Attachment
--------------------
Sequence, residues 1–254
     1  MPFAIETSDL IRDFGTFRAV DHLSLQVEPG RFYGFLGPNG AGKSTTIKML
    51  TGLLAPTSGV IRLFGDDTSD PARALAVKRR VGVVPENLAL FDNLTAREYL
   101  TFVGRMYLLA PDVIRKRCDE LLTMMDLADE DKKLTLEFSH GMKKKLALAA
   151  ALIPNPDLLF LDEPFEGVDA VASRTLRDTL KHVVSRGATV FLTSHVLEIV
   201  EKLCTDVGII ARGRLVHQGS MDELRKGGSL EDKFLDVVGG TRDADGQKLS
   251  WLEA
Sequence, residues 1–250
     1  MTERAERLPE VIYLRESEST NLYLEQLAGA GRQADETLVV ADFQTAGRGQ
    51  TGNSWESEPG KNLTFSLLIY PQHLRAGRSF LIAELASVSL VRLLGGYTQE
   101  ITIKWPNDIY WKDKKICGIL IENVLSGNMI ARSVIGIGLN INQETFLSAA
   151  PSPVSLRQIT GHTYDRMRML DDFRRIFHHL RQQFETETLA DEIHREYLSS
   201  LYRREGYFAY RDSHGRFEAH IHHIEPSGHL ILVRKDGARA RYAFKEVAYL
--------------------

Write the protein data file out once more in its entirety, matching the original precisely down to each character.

Sequence, residues 1–254
     1  MPFAIETSDL IRDFGTFRAV DHLSLQVEPG RFYGFLGPNG AGKSTTIKML
    51  TGLLAPTSGV IRLFGDDTSD PARALAVKRR VGVVPENLAL FDNLTAREYL
   101  TFVGRMYLLA PDVIRKRCDE LLTMMDLADE DKKLTLEFSH GMKKKLALAA
   151  ALIPNPDLLF LDEPFEGVDA VASRTLRDTL KHVVSRGATV FLTSHVLEIV
   201  EKLCTDVGII ARGRLVHQGS MDELRKGGSL EDKFLDVVGG TRDADGQKLS
   251  WLEA
Sequence, residues 1–250
     1  MTERAERLPE VIYLRESEST NLYLEQLAGA GRQADETLVV ADFQTAGRGQ
    51  TGNSWESEPG KNLTFSLLIY PQHLRAGRSF LIAELASVSL VRLLGGYTQE
   101  ITIKWPNDIY WKDKKICGIL IENVLSGNMI ARSVIGIGLN INQETFLSAA
   151  PSPVSLRQIT GHTYDRMRML DDFRRIFHHL RQQFETETLA DEIHREYLSS
   201  LYRREGYFAY RDSHGRFEAH IHHIEPSGHL ILVRKDGARA RYAFKEVAYL